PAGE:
Gershon Hepner

Dissent in Moses’ Supreme Court and the Talmud

Rabbi Judah Loew, the Maharal of Prague, explained that Moses provided all Jews with the freedom to make their own individual choice whether to choose or to reject the Torah’s laws, which he placed before them, as if offering doses whose delivery depended on what Jews themselves decided was correct, which also is perhaps the very reason why Moses was glad to share his spirit with some seventy prophetic elders, even if they dared to separate themselves from other prophets, like Eldad and Medad, who to dissent with other justices in Moses’ court were presumptuously prepared.

Moses’ willingness to welcome these dissenters was opposed by Joshua, which may be why dissent became the paradigm the Babylonian Talmud’s editors applied when they composed a text they thought was based on Moses’ rules regarding holiness and crime.

Numbers seems to validate Joshua’s opinion. After Eldad and Medad’s dissent, Miriam and Aaron both criticize their brother, and Korah, Dathan and Abiram become infected by rebellious delirium, but whereas the Sinai theophany concludes with Israelites declaring, “We’ll obey all of the words we hear,” the Talmud records dissenting opinions regarding many of the laws which in its texts appear.

Deut. 4:44 states:

וְזֹ֖את הַתּוֹרָ֑ה אֲשֶׁר־שָׂ֣ם מֹשֶׁ֔ה לִפְנֵ֖י בְּנֵ֥י יִשְׂרָאֵֽל׃

The following is the Torah-teaching which Moses placed before the Children of Israel.

Maharal, Rabbi Judah Loew ben Bezalel in his book Tiferet Yisrael, pointed out that this verse does not say that Moses wrote the Torah, but that he placed it in front of the Children of Israel, implying that he allowed each of them to choose whether or not to accept what he was giving to them, but merely placing it before them, allowing every Jew to decide whether to accept or reject  the Torah.

In Numbers 11 we are told how God provided Moses with a special group of seventy elders who would serve as his assistants in his dealings with the tumultuous people.

Num. 11:26 states:

וַיִּשָּׁאֲר֣וּ שְׁנֵֽי־אֲנָשִׁ֣ים ׀ בַּֽמַּחֲנֶ֡ה שֵׁ֣ם הָאֶחָ֣ד ׀ אֶלְדָּ֡ד וְשֵׁם֩ הַשֵּׁנִ֨י מֵידָ֜ד וַתָּ֧נַח עֲלֵהֶ֣ם הָר֗וּחַ וְהֵ֙מָּה֙ בַּכְּתֻבִ֔ים וְלֹ֥א יָצְא֖וּ הָאֹ֑הֱלָה וַיִּֽתְנַבְּא֖וּ בַּֽמַּחֲנֶֽה׃

And two of the participants, one named Eldad and the other Medad, had remained in camp; yet the spirit rested upon them—they were among those recorded, but they had not gone out to the Tent—and they spoke in ecstasy in the camp.

When Moses is informed of this, Joshua attempts to intervene, zealously pressing for the incarceration of Eldad and Medad,saying “Lock ‘em up!”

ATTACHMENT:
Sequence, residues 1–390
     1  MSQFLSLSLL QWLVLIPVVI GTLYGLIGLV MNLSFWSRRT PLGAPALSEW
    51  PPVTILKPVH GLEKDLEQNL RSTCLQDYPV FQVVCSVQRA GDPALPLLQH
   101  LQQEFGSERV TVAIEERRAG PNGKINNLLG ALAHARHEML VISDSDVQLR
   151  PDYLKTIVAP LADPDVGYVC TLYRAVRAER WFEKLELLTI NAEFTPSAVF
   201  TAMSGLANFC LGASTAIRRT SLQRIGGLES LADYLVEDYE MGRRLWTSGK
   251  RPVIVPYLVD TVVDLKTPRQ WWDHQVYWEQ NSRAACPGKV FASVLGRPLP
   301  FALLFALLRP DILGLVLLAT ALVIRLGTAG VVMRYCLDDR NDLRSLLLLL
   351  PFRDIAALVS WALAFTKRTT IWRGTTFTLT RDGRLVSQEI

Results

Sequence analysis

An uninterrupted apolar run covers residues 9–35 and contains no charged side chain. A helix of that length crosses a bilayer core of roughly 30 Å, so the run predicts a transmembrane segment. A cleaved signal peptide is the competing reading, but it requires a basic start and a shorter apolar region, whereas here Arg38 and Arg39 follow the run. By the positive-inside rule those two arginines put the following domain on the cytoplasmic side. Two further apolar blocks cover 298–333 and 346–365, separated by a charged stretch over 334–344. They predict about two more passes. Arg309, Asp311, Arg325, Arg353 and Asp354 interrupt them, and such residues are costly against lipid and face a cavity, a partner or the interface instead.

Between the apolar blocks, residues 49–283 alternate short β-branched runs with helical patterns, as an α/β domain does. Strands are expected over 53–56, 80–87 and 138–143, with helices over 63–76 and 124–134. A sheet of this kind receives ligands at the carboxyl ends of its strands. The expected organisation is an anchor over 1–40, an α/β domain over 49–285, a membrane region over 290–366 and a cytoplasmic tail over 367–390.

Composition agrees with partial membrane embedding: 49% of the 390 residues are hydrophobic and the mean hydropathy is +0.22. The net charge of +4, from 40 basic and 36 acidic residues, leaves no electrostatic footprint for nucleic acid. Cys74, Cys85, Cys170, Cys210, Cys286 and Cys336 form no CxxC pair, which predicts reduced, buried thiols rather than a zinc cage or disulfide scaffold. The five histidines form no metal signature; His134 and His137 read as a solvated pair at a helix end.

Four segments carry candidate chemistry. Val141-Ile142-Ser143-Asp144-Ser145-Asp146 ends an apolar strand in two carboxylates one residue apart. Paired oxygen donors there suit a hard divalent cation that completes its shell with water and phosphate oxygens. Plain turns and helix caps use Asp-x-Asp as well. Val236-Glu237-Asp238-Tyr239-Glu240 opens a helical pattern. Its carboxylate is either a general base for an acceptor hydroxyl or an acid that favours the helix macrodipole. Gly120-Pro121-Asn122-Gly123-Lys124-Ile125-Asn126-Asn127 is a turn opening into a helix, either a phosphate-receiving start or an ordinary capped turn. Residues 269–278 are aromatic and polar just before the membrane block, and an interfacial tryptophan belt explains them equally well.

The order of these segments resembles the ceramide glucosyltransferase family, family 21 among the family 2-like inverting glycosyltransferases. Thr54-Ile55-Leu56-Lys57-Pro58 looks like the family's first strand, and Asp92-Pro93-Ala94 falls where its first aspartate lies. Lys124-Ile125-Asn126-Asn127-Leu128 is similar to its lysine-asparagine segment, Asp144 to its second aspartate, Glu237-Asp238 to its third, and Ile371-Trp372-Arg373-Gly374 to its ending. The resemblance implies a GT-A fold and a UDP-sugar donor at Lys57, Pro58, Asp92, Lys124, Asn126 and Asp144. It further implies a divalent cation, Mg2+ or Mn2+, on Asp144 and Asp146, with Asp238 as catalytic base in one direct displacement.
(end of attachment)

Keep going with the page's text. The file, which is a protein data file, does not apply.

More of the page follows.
Num, 11:28-29 states:

יא:כח וַיַּ֜עַן יְהוֹשֻׁ֣עַ בִּן־נ֗וּן מְשָׁרֵ֥ת מֹשֶׁ֛ה מִבְּחֻרָ֖יו וַיֹּאמַ֑ר אֲדֹנִ֥י מֹשֶׁ֖ה כְּלָאֵֽם: יא:כטוַיֹּ֤אמֶר לוֹ֙ מֹשֶׁ֔ה הַֽמְקַנֵּ֥א אַתָּ֖ה לִ֑י וּמִ֨י יִתֵּ֜ן כָּל עַ֤ם י־הוה נְבִיאִ֔ים כִּי־יִתֵּ֧ן י־הוה אֶת רוּח֖וֹ עֲלֵיהֶֽם: 11:28 And Joshua son of Nun, Moses’ attendant from his youth, spoke up and said, “My lord Moses, lock m’em up!” But Moses said to him, Are you being zealous for me? “I wish that the entire people of the Lord were prophets and that the Lord would confer his spirit on them all!”

In “Eldad and Medad Successfully Challenge Moses’ Control over Prophecy,”, Rabbi David Frankel explains Moses’ dissent to Joshua’s rejection of Eldad and Medad; I think that Eldad and Medad refused to go out. They did this in conscious defiance of Moses who chose them to be among his seventy “yes-men.”

There was no place in this arrangement for individual spiritual voices that might speak independently of the figure of Moses and bring a diversity of opinions into the public domain. Eldad and Medad challenged not only the centralized and exclusive authority of Moses but also, at least implicitly, the attempt to wield political control over the divine spirit.

The suggestion that God decided to share Moses’ spirit with Eldad and Medad, not in spite of the fact that they seemed to wish to be able to express independent opinions rather than be Moses’ “yes-men,” but because He approved of this goal, supports Maharal’s explanation of Deut. 4:44 that is quoted in the first verse of this poem.

About the Author
Gershon Hepner is a poet who has written over 25,000 poems on subjects ranging from music to literature, politics to Torah. He grew up in England and moved to Los Angeles in 1976. Using his varied interests and experiences, he has authored dozens of papers in medical and academic journals, and authored "Legal Friction: Law, Narrative, and Identity Politics in Biblical Israel." He can be reached at
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